Characterizing the marine Natura 2000 network for the Atlantic region

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Abstract

  • 1.One of the goals for Natura 2000, a key European Community programme of nature conservation, is to produce a network of protected areas. An analysis of the Natura 2000 marine sites proposed in the most recently agreed list for the Atlantic region (northern Portugal to Denmark, n=298) was used to characterize the network in terms of site areas and inter-site distances. Sites were considered as part of the network when they included any of the marine Natura 2000 Annex I habitat types found in the Atlantic region (excluding lagoons).
  • 2.The median size of individual sites was 7.6 km2 with a median separation among neighbouring sites of 21 km (range 2–138 km).
  • 3.A connectivity analysis was used to identify the potential reliance of species on areas of habitat outside the proposed network. This analysis was based on the assumptions that: (a) species with low dispersal capacity will persist in sites when local reproductive effort sustains the resident population and (b) greater dispersal scale will link sites in the network, but implies a greater loss of recruits from the local population. For intermediate dispersal scales (2–20 km), at least half of the proposed sites are likely to be both too small and too isolated to support populations in the network. The conservation of intermediate dispersers in such sites may therefore be more dependent on habitat outside the network than is the case for other dispersal capabilities. Species with both dispersal scales above 20 km and low habitat specificity may have a metapopulation structure with exchange of dispersing individuals occurring among protected sites. Species with increasing degrees of habitat specificity will need dispersal scales greater than 20 km to avoid dependence on areas outside the proposed network.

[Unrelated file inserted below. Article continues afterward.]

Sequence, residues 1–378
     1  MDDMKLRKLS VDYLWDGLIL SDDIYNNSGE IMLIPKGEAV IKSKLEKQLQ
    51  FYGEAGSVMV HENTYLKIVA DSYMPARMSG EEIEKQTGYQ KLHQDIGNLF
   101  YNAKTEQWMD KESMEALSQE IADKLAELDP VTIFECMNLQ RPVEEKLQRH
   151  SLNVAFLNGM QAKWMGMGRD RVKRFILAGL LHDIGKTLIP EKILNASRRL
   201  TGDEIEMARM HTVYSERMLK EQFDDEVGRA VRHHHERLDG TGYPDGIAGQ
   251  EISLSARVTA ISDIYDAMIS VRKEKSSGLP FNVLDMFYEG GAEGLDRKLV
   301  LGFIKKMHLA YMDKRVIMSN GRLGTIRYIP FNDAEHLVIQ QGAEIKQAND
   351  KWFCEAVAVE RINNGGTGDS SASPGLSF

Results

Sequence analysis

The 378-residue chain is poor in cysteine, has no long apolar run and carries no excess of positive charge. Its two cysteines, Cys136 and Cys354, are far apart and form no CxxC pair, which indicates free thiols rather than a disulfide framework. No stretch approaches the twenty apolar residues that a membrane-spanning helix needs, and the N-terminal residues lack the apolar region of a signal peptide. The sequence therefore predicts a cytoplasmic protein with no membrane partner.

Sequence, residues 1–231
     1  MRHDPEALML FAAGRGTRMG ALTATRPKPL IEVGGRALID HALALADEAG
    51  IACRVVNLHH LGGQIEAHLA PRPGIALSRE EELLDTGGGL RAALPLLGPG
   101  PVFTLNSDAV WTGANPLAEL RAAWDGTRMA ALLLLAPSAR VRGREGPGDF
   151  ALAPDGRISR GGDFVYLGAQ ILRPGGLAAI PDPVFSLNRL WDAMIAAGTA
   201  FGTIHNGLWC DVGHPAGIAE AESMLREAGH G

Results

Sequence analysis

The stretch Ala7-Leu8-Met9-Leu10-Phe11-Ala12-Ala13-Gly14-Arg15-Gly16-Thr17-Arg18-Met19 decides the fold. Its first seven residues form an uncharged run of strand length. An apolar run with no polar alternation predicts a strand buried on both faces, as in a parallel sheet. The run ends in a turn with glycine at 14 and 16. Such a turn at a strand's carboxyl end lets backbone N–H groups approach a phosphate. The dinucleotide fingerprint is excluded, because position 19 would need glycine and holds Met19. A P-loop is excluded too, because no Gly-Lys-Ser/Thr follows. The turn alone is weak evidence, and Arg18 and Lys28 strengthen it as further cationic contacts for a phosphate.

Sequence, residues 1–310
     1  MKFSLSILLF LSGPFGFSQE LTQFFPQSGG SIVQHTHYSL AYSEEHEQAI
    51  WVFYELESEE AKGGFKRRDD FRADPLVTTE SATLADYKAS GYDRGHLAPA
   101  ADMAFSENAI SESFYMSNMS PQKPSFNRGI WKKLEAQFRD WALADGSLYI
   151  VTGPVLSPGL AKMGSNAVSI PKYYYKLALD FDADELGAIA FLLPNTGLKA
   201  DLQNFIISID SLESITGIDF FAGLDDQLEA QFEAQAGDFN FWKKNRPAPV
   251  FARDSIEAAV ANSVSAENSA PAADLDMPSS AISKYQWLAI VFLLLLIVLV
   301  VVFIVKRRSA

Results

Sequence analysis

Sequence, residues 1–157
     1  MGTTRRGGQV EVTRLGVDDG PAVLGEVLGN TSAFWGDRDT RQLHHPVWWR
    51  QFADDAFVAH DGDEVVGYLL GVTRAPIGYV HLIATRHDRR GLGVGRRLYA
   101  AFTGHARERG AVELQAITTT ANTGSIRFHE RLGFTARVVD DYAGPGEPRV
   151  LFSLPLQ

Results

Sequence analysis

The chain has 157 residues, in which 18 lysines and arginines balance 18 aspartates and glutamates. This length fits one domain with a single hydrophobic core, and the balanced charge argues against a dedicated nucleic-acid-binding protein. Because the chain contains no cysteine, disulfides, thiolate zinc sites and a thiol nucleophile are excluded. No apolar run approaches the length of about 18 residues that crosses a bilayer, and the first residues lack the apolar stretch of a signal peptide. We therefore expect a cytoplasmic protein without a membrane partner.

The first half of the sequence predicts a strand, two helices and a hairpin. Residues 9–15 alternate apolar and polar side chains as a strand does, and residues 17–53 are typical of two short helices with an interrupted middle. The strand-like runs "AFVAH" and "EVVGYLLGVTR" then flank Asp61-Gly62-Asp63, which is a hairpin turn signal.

• 4.Most sections of the Atlantic region coastline contain proposed Nature 2000 sites. An analysis of site area and average isolation at the 1° latitude by 1° longitude scale indicated that relatively well designated sections (in terms of area and site spacing) of the coast were interspersed with less well designated sections. Analyses of overall habitat availability and population genetic studies are required to assess the significance of varying levels of protection at this scale.

Copyright © 2007 John Wiley & Sons, Ltd.

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